Sunday, September 11, 2011

Inflation is NOT the Answer

A couple weeks ago I argued against the numerous economists calling for the Fed to establish higher inflation targets as a remedy for excessive debt. My concerns were centered around the notion that inflation does not create wealth, but rather transfers it from creditors to debtors. Since that post, several FOMC members, including Chairman Bernanke, have spoken about the current state of the economy and potential stimulative actions the Fed could take at its next meeting. Much of the commentary has been typical Fed speak, which involves saying very little in a manner that is difficult to decipher. However, parsing through words and actions has led a majority to expect some form of new quantitative easing to be announced on September 21st.

Recently, on Project Syndicate, Raghuram Rajan (finance professor at the Univ. of Chicago) penned an article titled, Is Inflation the Answer?. Rajan is effectively arguing against the same calls for much higher, short-term, inflation. Although the piece makes a brief note about the distribution effects of such a policy, the focus is on the effectiveness of creating higher inflation.

One critical factor that could hinder effectiveness is the Fed’s credibility. Having maintained a specific target for a long time, the unintended consequences of suddenly changing policy are unknown. If the target can be changed once, why not again, and again? A moving inflation target would also be difficult to explain within the realm of price stability. Were the Fed to raise the target temporarily, given its prior track record, why should the market expect inflation to remain under control? Within this realm of possibility, its fairly easy to foresee an outcome where inflation rises well beyond new targets and ultimately needs to be reigned in Volcker-style. For anyone who lived through that experience, recollections of the early 1980’s recession and double-digit unemployment are probably not pleasant.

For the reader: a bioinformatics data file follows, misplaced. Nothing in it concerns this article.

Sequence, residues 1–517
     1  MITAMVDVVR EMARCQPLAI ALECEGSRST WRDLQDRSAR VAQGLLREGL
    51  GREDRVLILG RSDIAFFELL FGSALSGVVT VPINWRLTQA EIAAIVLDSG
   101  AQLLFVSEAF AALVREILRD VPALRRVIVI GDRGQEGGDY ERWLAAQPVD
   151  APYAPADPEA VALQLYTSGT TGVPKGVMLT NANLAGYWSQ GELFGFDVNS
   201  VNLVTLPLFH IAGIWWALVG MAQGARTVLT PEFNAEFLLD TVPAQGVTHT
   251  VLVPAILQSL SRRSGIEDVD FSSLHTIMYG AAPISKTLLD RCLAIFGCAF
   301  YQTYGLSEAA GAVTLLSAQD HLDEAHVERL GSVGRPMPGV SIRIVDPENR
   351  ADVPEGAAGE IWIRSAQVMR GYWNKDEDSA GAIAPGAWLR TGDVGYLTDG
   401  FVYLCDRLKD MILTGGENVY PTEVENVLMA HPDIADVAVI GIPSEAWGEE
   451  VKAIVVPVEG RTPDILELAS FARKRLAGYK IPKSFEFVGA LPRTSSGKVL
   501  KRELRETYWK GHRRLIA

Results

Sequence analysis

The other significant deterrent Rajan notes relates to the maturity length of current debt. A policy of high inflation is primarily beneficial if nominal income growth outpaces interest on debt. However, if debt needs to be rolled over in the near future (due to maturity), the new debt will require much higher interest rate payments. In that scenario, higher inflation’s impact on reducing debt burdens is minimal. As Rajan notes, this largely reduces the positive influence on government debt, bank liabilities and households with floating rate mortgages.

While I agree with nearly all of Rajan’s points in this article, one point I must argue against is the notion that “[foreign] investors might be needed to finance future deficits.” As I’ve shown numerous times before through MMT, the US government never needs to finance deficits. Aside from that opposition, I think Rajan makes a wonderful case against higher inflation. In conclusion, he adds suggestions for outright debt relief through write-downs. I remain convinced that this method of reducing debt burdens should be the primary focus of current federal policy.

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